Grafenwoehr Training Area

Wednesday August 11, 2010

What is it?

On June 30, 2010, the Grafenwoehr Training Area (GTA) celebrated its 100th anniversary, however, the training area remains relevant to today's fight using live, virtual, simulated, constructive, and gaming tools with video and GPS capabilities that enhances training, and provides immediate feedback. Since 1946, the U.S. Army has transformed a training legacy, which began with the Bavarian army into challenging and comprehensive training, often between Soldiers of the U.S. Army and its European and African allies in support of NATO missions in Afghanistan.

On any given day U.S. and multinational units conduct small-arms qualifications, vehicle gunnery, live-fire, airborne operations and aviation gunnery on ranges in GTA in Grafenwoehr, Germany, while also learning tactics for counter-improvised explosive device, International Security Assistance Force (ISAF) training, full-spectrum operations, and hybrid threat missions.

What has the Army done?

The Joint Multinational Training Command (JMTC) is the U.S. Army's European-based training support command, and today, the GTA provides realistic training for U.S. Soldiers and multinational partners. The on-going support to Afghanistan and Iraq has demonstrated the importance of allied and partner assistance in decreasing U.S. operational requirements in theater, while ensuring diplomacy and good-will among European and African nations.

What continued efforts does the Army have planned for the future?

The JMTC provides resident expertise and training capabilities that provides training and training support for Soldier and leader development, which improves interoperability between U.S. and partner nations. This support builds the vital trust needed to successfully accomplish current objectives in Afghanistan, and collectively prepares Soldiers for the complex and uncertain challenges of the future.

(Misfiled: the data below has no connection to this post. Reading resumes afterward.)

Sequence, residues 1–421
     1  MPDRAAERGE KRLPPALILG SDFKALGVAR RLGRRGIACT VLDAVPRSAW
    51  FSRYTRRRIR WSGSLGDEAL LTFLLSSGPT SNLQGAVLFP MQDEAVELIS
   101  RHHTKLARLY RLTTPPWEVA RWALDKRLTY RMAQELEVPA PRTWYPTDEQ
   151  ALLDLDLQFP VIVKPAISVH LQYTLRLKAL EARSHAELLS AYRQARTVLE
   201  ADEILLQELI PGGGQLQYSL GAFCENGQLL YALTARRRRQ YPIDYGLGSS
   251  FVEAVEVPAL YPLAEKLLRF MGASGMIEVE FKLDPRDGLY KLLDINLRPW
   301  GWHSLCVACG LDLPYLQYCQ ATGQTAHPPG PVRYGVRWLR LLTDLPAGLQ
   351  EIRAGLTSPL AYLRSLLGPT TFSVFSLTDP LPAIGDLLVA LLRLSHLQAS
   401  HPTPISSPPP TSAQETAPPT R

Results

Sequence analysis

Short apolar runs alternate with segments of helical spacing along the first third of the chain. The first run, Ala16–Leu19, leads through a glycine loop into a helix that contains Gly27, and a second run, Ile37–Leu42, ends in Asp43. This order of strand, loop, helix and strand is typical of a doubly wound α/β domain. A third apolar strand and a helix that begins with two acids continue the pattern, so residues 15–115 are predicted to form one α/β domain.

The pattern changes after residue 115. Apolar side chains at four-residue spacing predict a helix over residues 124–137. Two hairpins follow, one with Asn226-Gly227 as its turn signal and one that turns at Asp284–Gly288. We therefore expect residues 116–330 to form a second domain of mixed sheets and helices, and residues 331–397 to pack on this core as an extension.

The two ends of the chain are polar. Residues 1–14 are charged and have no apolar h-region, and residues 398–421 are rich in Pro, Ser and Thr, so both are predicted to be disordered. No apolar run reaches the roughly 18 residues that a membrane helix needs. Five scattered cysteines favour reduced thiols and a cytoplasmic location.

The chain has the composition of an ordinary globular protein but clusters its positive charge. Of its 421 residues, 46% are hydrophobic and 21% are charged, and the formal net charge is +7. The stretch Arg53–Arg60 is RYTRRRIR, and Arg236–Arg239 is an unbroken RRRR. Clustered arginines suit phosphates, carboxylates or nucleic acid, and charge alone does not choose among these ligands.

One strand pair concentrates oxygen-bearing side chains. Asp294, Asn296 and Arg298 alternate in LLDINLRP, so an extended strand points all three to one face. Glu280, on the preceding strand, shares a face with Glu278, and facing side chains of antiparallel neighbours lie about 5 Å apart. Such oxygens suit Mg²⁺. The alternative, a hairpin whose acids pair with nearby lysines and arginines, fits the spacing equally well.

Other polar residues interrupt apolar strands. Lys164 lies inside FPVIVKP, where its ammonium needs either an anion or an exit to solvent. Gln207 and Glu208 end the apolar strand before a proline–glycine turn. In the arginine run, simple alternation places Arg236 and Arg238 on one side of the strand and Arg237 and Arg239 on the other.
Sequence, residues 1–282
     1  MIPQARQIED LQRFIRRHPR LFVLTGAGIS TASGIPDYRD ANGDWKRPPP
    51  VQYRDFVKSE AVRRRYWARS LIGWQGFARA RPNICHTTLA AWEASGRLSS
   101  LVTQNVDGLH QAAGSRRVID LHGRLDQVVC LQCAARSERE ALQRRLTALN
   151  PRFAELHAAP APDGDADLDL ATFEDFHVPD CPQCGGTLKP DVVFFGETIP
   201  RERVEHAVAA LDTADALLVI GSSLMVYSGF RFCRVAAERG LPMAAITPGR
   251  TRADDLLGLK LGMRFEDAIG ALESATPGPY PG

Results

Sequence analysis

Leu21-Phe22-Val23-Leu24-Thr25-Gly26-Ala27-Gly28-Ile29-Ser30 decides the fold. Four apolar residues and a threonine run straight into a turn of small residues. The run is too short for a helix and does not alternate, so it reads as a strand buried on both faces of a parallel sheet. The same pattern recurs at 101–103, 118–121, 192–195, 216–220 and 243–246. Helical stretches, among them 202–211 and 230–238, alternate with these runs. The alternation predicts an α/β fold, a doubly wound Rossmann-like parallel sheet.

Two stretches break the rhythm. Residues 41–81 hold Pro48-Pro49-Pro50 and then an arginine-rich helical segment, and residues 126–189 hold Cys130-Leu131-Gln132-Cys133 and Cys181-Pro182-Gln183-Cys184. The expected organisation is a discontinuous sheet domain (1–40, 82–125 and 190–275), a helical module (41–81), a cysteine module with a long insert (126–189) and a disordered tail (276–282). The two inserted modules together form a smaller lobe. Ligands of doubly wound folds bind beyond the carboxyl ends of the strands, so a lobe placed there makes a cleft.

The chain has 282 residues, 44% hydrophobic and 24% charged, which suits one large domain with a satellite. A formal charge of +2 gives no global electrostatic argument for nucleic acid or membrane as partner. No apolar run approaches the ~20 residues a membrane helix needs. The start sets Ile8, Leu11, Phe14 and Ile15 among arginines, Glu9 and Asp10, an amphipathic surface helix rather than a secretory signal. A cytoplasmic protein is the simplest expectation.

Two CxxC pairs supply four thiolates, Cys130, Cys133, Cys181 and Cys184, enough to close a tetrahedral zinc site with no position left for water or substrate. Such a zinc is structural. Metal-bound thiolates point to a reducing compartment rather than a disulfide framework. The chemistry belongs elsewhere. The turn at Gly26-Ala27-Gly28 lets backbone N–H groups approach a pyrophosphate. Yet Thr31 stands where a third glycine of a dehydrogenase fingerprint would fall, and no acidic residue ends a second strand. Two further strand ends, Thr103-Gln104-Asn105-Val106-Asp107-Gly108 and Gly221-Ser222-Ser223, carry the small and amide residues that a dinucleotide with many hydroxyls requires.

On-going mission support to ISAF is currently from about 46 different troop contributing nations (TCNs). The JMTC provides training to 37 of 45 TCNs. Each nation must receive comparable-training to guarantee mission success. Through current partnership opportunities, the JMTC ensures U.S. forces and TCNs are prepared for missions supporting operations in Afghanistan.

Why is this important to the Army?

As forces continue to serve as part of multinational operations, it is important for U.S. Soldiers to maximize opportunities to train with the allies. Because of proximity to other European nations and Africa, the JMTC is ideally postured to provide state-of-the-art training and build partner capacity for current operations.

Resources:

Explore the military history of the Grafenwoehr Training Area

Joint Multinational Training Command

JMTC Training Journal

Related article: Training surge at Grafenwoehr, Hohenfels to prepare Europe's forces for Afghanistan mission

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Events

August 2010

_Anti Terrorism Awareness Month

National Immunization Awareness Month_

Aug 26: Women's Equality Day See related website: Women in the U.S. Army

Aug 31: End of Operation Iraqi Freedom (OIF); Transition to Stability Operations

SENIOR LEADERS ARE SAYING

"Warfare is a human endeavor. We don’t do it alone any longer, we do it with allies…And our allies that are with us in Afghanistan are here in Europe…Our Soldiers have a unique opportunity now to gain a cultural understanding."

- Brig. Gen. Steven L. Salazar, commanding general, 7th Army Joint Multinational Training Command

WHAT THEY'RE SAYING

"Every opportunity to teach medicine is also an opportunity for the instructor to learn the material better. Consequently, Medical Civil Military Operations activities like these are a win-win for everyone involved; U.S. and Iraqi medical providers alike reinforce their medical skills."

- Capt. Tisha Bridge, 1st Inf. Div. physician assistant, speaking about the Neonatal Resuscitation Training provided to local Iraqi physicians as part of the U.S. forces shift of focus from operations to advising during the Iraq Drawdown

Charity helps Army teach proper prenatal care

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